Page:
Paul Thomas Anderson’s “films have almost always revolved around a father son relationship” of sorts, “which can even be said of his newest” movie, “Inherent Vice.” So claims Chris Wallace in Interview magazine’s conversation with the writer-director whose latest film is up for both a Best Adapted Screenplay (for Anderson) and Best Costume Design (Mark Bridges) Oscar at this Sunday’s Academy Awards. “Inherent Vice” is the first film adaptation of a Thomas Pynchon novel; it stars Joaquin Phoenix as Larry “Doc” Sportello, a private investigator in L.A. in 1970 who finds himself in the midst of a convoluted missing persons plot.
Before “Inherent Vice” was even a passing thought, however, Anderson’s love for film bubbled inside him. He reveals, “I can remember being a kid thinking, ‘I’m going to make movies some day.’ I didn’t imagine what my filmography was, but I can imagine I probably thought, you know, I‘d be making action adventure films and all kinds… I didn’t know.” That sense of predestined outcome has driven the writer-director throughout his career. “I’ve never really been in a situation where I wrote something and decided not to make it, or couldn’t find financing, so I just put it away. There’s always sort of been one, following one thing after another. It’s just so weird how it happens.”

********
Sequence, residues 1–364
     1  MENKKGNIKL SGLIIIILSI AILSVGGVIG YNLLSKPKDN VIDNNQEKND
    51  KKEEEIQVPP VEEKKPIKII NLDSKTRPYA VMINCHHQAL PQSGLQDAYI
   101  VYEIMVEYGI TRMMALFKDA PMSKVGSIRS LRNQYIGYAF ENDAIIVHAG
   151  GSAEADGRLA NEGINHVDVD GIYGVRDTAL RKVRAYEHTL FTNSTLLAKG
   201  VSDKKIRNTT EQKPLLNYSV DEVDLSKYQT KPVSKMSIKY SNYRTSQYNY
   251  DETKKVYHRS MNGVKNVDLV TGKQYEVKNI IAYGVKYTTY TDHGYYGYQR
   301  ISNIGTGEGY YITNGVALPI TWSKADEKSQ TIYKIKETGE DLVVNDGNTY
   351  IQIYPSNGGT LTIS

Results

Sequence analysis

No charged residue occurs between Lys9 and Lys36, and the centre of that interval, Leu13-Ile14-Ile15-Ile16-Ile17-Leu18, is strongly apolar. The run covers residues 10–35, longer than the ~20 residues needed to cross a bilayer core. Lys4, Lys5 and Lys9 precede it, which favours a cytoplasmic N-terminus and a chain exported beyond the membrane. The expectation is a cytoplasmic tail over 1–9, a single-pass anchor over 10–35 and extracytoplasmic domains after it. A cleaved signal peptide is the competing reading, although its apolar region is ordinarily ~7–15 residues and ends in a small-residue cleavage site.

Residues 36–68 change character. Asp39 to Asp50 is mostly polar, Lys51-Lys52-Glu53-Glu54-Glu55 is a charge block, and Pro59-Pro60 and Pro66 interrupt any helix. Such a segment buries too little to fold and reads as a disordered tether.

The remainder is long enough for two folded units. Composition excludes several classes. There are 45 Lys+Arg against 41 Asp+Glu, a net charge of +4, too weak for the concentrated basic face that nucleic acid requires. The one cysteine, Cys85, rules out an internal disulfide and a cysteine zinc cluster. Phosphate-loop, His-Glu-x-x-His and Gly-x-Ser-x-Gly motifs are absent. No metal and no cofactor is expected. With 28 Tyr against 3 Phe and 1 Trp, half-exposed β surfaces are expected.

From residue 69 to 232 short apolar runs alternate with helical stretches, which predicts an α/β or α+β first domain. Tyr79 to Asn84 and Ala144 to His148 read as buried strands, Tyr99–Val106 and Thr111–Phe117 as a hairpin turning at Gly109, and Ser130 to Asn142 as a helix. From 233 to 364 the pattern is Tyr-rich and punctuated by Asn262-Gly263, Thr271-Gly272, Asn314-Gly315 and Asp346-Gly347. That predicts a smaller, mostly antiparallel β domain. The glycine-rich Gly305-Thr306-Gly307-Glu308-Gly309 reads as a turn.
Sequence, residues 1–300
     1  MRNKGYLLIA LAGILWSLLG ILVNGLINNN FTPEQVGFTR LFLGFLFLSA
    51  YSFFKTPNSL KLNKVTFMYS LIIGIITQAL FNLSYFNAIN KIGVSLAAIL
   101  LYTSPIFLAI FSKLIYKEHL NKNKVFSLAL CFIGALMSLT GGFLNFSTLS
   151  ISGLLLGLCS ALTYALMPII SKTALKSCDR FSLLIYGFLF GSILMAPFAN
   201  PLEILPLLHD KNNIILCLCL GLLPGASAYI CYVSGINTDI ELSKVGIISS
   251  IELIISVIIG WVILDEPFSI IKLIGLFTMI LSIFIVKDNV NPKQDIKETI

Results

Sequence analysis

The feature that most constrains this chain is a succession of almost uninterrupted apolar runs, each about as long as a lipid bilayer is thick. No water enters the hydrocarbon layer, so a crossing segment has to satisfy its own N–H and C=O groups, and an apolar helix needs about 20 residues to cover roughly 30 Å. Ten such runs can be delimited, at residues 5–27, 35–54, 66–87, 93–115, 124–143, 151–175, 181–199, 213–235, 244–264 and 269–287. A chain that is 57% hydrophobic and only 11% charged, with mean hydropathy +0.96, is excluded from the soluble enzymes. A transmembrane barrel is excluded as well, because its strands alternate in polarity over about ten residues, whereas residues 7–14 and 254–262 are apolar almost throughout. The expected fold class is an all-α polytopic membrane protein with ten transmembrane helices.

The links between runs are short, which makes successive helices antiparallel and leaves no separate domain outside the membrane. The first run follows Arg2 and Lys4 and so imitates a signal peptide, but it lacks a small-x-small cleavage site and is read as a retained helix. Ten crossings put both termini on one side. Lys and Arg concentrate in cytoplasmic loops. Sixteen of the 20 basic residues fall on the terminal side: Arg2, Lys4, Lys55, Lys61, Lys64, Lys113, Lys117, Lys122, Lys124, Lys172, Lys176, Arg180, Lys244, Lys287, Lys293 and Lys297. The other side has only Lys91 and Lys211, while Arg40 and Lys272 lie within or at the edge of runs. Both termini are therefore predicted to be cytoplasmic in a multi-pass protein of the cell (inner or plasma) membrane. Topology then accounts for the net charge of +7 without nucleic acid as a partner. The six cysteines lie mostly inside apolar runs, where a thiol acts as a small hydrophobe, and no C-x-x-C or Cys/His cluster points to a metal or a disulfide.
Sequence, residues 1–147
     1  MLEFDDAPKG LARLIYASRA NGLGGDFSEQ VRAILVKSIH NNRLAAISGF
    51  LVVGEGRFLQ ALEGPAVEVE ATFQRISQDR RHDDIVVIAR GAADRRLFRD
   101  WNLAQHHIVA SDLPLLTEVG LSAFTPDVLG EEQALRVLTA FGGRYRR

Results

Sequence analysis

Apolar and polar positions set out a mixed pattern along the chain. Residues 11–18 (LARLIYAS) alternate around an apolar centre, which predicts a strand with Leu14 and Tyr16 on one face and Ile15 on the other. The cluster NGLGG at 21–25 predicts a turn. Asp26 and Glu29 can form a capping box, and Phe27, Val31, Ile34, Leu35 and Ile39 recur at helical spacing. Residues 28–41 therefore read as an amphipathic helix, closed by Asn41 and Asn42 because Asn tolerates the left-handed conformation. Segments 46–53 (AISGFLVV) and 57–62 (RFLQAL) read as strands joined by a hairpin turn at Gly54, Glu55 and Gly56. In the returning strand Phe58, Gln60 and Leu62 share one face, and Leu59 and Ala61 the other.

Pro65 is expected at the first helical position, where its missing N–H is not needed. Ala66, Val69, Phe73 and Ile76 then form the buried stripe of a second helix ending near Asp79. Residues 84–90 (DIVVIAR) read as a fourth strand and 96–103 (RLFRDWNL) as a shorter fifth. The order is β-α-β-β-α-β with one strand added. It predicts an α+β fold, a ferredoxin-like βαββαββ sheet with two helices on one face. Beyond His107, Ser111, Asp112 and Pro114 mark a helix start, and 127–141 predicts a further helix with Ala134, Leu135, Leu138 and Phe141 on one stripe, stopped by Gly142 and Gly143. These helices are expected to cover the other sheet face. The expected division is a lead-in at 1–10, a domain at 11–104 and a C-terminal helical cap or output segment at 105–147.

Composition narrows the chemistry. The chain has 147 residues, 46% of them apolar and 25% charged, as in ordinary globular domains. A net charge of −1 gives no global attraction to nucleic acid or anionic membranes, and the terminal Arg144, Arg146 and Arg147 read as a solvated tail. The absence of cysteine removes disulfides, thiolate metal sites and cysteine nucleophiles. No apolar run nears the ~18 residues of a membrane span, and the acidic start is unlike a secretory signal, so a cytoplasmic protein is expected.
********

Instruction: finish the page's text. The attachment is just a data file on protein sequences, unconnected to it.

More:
Wallace and Anderson also discuss “Southern California and its peculiarities,” the most frequent and explored setting for Anderson’s films, regardless of the time periods in which they take place. “I love it here,” Anderson explains. “I didn’t think I’d make so many movies here. It’s just kind of fallen off that way.” The trend continues with ‘Vice,’ which, like Anderson’s destiny as a filmmaker, almost seems preordained. He claims he has always tried to emulate and understand Pynchon. Now, as the only person to have adapted a Pynchon book, he comes as close as any can claim.
According to the late, great, Philip Seymour Hoffman, Anderson is a consistently evolving director who reinvents himself on each picture he makes. Has he evolved further while making “Inherent Vice”? Do you, as a viewer, sense a growth or transformation in the helmer, his approach to filmmaking, and the stories he tells?
Perhaps reading the screenplay for “Inherent Vice” will help inform your opinion on the subject. If so, you’re in luck. Warner Bros. has made the For Your Consideration draft of the full screenplay available for download.
For more on “Inherent Vice,” Anderson’s interests as a filmmaker, his relationship with such iconic directors as Martin Scorsese and Jonathan Demme — as well as how Anderson’s relationship with his late father led to the aforementioned father/son currents in his films— listen to the full 25-minute interview below.
And for more Paul Thomas Anderson insight, you might want to check out this Movies Feature at Digital Spy, wherein the filmmaker discusses his favorite films. Little White Lies also has a recent interview with PTA for your continued reading pleasure.